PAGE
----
As long as he stayed on topics other than waging war upon civilians, Dr. Brook proved very solid in presenting positive Objectivist ideas. He reaffirmed the idea held dear by anyone who values one's right to their own life that a draft was not only unnecessary, but unjustifiable. He argued against economic sanctions, and spent significant time speaking of the example of China. China's relative improvements — u2018Hong Kong conquering China instead of the other way around' — were praised, with cautious optimism that they'll continue on the path to more personal and economic freedom; Yaron even mused about when he'd have to move ARI to Beijing if China and USA each continue their respective trends. He pointed out that embargoes or other sanctions on China would almost certainly reverse their march toward freedom, and cause more reversion to totalitarianism.

The focus of the ARI seems to also be in line with its president's message concerning destructive ideas pervading the universities. They have long promoted involvement in education such as the Fountainhead essay contest. The emphasis seems to be growing, though, with significant work on getting Rand books to elementary and high schools, and now seeding universities with Objectivist professors. These methods — ironically key methods also employed by the von Mises Institute — do seem to be definitely a logical approach in making inroads on an educational system generally hostile to reality, reason and liberty. Yaron stated dramatic success in the program of getting professorships, going from 0 five years ago, to over a half-dozen positions now, even in some notably liberal environments (e.g., one in UNC Chapel Hill). He didn't mince words about the idea of changing the existing professors; reminiscent of the frustration of early quantum mechanics physicists with the established classical ones, he considers current professors beyond reason, and that they must be replaced by new blood. Dr. Brook lightheartedly referred to himself as an u2018optimistic Objectivist' in that he thinks their education related programs will have significant impact in only u2018a couple generations'.

Another beacon of hope came between the lines of what Yaron said concerning some of his views. He openly referred several times to points where he disagreed with other Objectivists, even on presidential candidate endorsement or particular interventionist policies. It surprised me to hear someone from the ARI willing to say that someone disagreeing with them is still an Objectivist. I had not bothered arguing with Dr. Brook about war; his Iraq and Iran decimation policies had prompted me to put him in the special category normally reserved for people who think the world is 6000 years old and fossils were put there to test our faith — i.e., beyond the reach of reason. However, the apparent tolerance of Objectivist difference in views prompted me to compliment him on this, and inquire if it reflected a new ARI policy of recognizing the fact that Objectivists can in fact have rational disagreements. I did not realize that would be a sore topic; Yaron became very defensive, and apparently took it as an attack on ARI and Rand. He made some snide remarks likely directly at the IOS (David Kelley's group), and eagerly clarified that the ARI would readily still schism over anything it considered philosophical. I suspect that even the differences Brook admitted would have been somehow defined as philosophical ones and caused rifts in times past, so despite his haste in defending schisms, I'm somewhat optimistic that the group is now somewhat more accepting of reasonable differences in views.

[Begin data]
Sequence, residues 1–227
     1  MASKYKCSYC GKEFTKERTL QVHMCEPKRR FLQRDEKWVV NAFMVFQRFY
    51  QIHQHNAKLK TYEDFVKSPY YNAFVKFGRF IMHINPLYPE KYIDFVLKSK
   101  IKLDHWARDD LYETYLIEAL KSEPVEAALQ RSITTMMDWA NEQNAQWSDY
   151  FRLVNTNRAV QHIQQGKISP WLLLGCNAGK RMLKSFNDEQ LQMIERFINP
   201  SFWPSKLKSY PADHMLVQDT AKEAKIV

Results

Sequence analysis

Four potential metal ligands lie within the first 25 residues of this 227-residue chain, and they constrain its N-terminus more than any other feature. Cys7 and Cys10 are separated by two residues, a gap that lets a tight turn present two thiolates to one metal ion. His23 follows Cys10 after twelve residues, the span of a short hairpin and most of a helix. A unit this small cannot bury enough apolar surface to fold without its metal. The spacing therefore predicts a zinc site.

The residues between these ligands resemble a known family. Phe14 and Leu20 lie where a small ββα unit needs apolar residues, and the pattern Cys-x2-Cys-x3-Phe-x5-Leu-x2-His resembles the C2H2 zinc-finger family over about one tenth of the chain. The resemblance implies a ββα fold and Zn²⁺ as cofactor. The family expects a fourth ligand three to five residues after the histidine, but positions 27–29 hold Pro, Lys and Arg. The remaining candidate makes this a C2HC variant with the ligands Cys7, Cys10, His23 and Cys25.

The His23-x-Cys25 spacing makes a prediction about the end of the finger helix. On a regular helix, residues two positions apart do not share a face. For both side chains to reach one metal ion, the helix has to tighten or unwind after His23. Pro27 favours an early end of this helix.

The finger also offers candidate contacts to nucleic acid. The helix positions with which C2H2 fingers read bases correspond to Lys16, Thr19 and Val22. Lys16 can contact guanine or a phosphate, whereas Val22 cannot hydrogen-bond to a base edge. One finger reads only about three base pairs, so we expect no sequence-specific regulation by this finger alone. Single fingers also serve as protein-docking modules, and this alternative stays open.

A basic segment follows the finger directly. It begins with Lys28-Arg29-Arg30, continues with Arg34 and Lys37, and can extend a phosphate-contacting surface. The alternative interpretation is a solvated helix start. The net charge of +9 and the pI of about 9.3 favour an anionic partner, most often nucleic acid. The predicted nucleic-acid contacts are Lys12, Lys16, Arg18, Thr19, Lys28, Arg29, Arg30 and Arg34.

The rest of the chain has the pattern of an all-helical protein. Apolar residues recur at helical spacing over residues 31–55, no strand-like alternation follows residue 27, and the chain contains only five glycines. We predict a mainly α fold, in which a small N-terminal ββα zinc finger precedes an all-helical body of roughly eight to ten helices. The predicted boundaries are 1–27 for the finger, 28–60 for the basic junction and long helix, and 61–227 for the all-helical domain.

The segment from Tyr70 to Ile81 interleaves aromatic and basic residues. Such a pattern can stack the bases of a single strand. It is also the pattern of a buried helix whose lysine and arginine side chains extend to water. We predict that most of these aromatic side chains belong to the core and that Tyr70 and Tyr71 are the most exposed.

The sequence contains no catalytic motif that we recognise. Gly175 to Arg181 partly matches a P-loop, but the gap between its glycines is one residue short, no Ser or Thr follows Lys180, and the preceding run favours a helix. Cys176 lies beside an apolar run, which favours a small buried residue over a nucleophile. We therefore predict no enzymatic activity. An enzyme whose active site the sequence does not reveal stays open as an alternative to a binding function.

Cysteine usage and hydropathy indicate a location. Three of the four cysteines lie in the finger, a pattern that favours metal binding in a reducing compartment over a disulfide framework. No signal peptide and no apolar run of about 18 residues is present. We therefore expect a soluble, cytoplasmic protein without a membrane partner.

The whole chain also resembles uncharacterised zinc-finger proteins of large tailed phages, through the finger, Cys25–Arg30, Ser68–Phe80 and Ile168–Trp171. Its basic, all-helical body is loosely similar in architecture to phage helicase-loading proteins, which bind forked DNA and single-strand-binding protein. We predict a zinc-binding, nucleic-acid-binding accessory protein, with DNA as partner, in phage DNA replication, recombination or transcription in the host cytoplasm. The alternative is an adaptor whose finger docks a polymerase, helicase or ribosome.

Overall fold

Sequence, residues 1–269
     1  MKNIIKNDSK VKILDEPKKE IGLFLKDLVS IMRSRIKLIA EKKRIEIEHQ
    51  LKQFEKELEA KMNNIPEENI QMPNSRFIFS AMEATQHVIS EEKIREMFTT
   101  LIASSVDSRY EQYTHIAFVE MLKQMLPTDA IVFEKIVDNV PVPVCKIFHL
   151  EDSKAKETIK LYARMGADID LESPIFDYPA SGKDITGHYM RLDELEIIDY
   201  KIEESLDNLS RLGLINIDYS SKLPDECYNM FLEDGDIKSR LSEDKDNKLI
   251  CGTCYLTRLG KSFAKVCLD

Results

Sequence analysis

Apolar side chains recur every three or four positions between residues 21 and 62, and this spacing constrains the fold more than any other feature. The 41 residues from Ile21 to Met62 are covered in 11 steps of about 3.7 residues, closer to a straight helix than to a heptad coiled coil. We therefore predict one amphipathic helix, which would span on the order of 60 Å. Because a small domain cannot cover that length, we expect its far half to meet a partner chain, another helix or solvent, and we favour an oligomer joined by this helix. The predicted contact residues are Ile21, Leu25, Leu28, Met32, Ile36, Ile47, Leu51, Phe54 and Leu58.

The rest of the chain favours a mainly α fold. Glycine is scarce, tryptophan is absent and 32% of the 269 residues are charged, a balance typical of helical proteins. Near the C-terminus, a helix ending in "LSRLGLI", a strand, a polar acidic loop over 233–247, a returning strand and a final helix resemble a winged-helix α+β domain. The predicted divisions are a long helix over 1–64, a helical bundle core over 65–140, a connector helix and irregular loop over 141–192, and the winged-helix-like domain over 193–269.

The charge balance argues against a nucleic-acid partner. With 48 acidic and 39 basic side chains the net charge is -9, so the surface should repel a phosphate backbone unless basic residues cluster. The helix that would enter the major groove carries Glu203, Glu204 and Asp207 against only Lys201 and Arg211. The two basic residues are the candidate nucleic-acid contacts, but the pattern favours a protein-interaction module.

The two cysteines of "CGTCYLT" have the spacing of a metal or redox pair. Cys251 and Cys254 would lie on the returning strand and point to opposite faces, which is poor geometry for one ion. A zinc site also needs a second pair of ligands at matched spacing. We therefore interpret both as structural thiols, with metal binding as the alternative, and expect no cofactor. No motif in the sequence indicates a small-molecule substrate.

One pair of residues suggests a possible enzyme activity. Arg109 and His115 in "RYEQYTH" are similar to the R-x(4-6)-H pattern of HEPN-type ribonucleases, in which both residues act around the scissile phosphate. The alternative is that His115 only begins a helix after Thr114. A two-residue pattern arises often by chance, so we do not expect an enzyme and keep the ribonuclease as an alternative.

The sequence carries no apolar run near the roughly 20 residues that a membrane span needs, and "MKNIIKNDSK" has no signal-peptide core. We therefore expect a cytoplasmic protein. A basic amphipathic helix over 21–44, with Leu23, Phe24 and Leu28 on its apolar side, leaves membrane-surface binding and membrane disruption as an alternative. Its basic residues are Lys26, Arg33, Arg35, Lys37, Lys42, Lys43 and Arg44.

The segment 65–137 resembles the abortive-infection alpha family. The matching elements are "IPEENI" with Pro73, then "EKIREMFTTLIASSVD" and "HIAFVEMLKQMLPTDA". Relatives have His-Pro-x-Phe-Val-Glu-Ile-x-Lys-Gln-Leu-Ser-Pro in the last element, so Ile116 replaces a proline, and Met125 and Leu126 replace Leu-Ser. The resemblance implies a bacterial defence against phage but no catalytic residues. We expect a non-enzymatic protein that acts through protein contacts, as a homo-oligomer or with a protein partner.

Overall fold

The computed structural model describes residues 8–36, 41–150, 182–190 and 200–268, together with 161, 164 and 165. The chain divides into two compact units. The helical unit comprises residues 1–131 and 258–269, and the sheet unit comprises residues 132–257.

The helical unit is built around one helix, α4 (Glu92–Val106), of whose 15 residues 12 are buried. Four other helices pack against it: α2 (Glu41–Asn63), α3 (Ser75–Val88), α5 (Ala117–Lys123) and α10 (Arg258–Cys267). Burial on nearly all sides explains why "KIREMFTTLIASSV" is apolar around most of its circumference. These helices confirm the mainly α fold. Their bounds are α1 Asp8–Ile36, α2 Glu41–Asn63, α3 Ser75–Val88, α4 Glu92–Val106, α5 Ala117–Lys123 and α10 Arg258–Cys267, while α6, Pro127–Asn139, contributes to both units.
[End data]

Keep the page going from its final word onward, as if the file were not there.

Surprises

Dr. Brook referred repeatedly to himself as an isolationist, which I found more than a little ironic given the march from the Fertile Crescent to Pakistan which he had outlined. He did clarify several specific scenarios, though, which at least again built the distance between himself and neoconservatives. He'd be happy to leave the entire Middle East u2018to rot' once he was done. Though he applauds foreign countries overthrowing dictators he said no American should be sent to die to make any foreigner free. He stated if South Korea or others cannot defend themselves against aggressive neighbors, they too can rot. Yaron opposes nation-building, spreading democracy, and regards fear of a u2018power vacuum' as misguided; demolished and leaderless nations should be abandoned immediately by US troops (with apparent exceptions for oil fields). Though appalled by his collectivist and pro-initiation-of-force notions in Iraq and Iran, I was generally impressed by his being isolationist at least when set beside a Wilsonian.

The most memorable example — since it was also by far the most significant surprise of the evening — was Yaron revealing that he even opposed invading Iraq. Though he was glad Saddam Hussein was deposed, he regarded it as truly the wrong war, and for the wrong reasons. He referred to even the name u2018Operation Iraqi Freedom' as belying a misguided altruistic nature. He even said the Iraq invasion/occupation/nation-building may be counterproductive since he viewed the January elections as benefiting the Muslim fanatics. I didn't think till later about how this revelation made the first step of his Middle East march even more nonsensical — the annihilation of a city in Iraq before pulling out could not even be whitewashed as somehow a military target, but only a final act of spite. However, his opposing invading Iraq to begin with took any of us familiar with his former writings or TV appearances off guard, and almost certainly diminished any Iraq-centered audience opposition to the ARI leader's views.